Response to the LCP review from King's palliative care experts
Posted on 15/07/2013
The Liverpool Care Pathway should be phased out and replaced by individual end of life care plans, an independent review led by Baroness Julia Neuberger recommended today.
The review was commissioned by Care and Support Minister Norman Lamb in January 2013, because of serious concerns arising from reports that patients were wrongly being denied nutrition and hydration whilst being placed on the Pathway.
Commenting on the Liverpool Care Pathway review published today, Dr Richard Harding, Reader in Palliative Care at King’s College London’s Cicely Saunders Institute, said:
'We welcome the Independent Review of the Liverpool Care Pathway. Recent attention to the experience of end-of-life-care in England has raised awareness that the last days and months of life are often a time of stress, anxiety and concern for patients and their families. The review highlights the importance of adequate training, research and education.
'In England, we face a challenging problem with increasing numbers of people facing the end of life. We want to see care that is tailored to each patient and their family, in the form of individualised care plans. It is important to build the evidence so that we understand what works best for patients and families, and we must do this in a very careful and considered way to achieve best end-of-life care for all in the future.
'The recommendation to implement a new system-wide approach to improving the quality of care for the dying is an important one and it is absolutely vital to listen to what patients and their families tell us. At the Cicely Saunders Institute at King's College London, we have been developing reliable ways to hear direct from patients and families themselves about their pain, concerns, and other priorities. We have also been pioneering new support services for families. These are examples of some of the evidence but we need to build more if the right care is to be given to those who need it, at the right time.
'Our research highlights that the top three concerns of the public in England at the end-of-life are: being pain-free, not being a burden to others, and not wanting to be alone. In order to provide individualised, quality care as the report proposes, we need to understand the needs and concerns of patients and families first.'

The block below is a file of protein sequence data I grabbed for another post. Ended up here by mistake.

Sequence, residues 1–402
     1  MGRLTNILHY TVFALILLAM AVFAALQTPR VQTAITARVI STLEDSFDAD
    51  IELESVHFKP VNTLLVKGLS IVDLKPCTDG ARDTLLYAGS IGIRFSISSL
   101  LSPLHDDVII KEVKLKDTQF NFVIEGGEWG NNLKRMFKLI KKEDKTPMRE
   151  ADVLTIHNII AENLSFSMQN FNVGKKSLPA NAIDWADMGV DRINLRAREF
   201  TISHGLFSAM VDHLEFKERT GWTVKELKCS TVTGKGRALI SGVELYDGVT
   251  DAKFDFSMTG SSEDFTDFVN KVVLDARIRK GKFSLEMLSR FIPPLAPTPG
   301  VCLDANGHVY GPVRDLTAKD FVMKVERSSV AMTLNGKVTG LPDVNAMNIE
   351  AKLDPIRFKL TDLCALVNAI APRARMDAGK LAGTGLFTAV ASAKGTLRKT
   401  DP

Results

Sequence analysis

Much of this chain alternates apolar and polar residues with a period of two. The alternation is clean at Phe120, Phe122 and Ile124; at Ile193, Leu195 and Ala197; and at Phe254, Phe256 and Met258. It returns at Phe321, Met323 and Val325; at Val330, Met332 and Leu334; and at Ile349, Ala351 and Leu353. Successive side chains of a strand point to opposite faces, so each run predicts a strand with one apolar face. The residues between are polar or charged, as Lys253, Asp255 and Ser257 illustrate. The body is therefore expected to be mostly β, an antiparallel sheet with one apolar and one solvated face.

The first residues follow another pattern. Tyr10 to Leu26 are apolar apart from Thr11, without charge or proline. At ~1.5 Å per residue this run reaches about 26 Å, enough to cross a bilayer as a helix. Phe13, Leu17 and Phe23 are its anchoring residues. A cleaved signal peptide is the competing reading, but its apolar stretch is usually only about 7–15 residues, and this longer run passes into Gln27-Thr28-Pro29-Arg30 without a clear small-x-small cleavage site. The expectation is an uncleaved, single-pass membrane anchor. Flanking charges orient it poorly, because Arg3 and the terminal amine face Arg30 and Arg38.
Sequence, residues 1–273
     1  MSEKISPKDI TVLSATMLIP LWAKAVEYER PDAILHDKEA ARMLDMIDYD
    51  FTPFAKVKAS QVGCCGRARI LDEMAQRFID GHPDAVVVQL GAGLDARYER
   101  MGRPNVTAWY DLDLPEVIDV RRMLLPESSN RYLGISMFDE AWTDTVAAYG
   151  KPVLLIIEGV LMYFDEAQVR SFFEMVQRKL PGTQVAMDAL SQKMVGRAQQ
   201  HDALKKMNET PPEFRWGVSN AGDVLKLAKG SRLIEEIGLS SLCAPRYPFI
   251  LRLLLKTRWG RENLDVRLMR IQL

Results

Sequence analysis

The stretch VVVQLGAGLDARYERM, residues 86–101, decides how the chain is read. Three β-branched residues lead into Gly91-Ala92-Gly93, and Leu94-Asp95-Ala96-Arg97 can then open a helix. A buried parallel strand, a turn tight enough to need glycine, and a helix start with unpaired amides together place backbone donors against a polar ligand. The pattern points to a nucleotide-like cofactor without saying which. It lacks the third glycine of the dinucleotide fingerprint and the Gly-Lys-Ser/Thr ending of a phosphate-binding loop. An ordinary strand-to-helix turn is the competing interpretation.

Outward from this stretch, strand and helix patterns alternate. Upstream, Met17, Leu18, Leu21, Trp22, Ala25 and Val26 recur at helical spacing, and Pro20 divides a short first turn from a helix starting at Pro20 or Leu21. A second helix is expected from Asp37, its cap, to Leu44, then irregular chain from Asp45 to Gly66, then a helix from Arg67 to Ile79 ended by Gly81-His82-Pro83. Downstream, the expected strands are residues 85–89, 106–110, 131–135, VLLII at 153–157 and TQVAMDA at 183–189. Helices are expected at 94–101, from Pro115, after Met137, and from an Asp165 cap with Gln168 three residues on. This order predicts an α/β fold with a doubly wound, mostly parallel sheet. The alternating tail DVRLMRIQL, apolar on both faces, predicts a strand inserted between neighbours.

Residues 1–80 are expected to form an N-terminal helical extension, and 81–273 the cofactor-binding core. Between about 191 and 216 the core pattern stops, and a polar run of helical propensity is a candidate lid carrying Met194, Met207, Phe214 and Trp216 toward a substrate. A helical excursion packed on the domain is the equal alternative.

Professor Irene Higginson, Director of the Cicely Saunders Institute at King’s College London, said: 'Palliative care is about enabling those with advanced disease to achieve best possible quality of life when cure is not possible. It is essential to improve pain and control of other symptoms, empower patients and families, support family caregivers and provide psychological and social support. This review of the Liverpool Care Pathway is important for doctors and nurses working in all of healthcare, as well as those in specialist palliative care, and we must all consider the review’s conclusions extremely carefully.'
'With the number of deaths expected to rise by 17 per cent over the next 20 years, there has never been a more important time to consider how we are going to cope with this increase in demand for palliative care. It is crucial that patients receive the best possible care at the end of life and is important that their families, who share so much of the burden, are recognised and supported.'
'We already know there are inequities for patients and families. Expenditure on palliative care services is inconsistent across England, with the average spend per person at end of life about £900 in total. However, some Primary Care Trusts spend as little as £186 per person.
'Our research has also uncovered that older people with cancer missed out on the best in pain control in their last three months of life compared to younger people. Someone aged 80 or over has less than half the chance of receiving a strong pain killer for cancer pain. Furthermore, there is a limited access to palliative care amongst Black, Asian and Minority ethnic groups. There is a clear need to address such inequities and improve care for people in the last days of their lives.
'Research spending is sparse, meaning that better ways to care and control symptoms are not developed and tested. It is unsurprising that the review highlights poor care, given that only 0.2% of money invested in cancer research is in palliative and end-of-life care. In non-cancer conditions, this is even less, below 0.1%. The review specifically recommends further investment in research to better understand the outcomes and experience of end-of-life care, and we welcome this.
'We believe, as Cicely Saunders herself said – ‘you matter because you are you, and you matter all the days of your life.’ At the Cicely Saunders Institute at King’s College London, we constantly strive to improve the evidence base for effective end-of-life care. We strongly believe more investment is needed in this important area to achieve best care for patients at the end of life and their families.'
Notes for editors
View the report.
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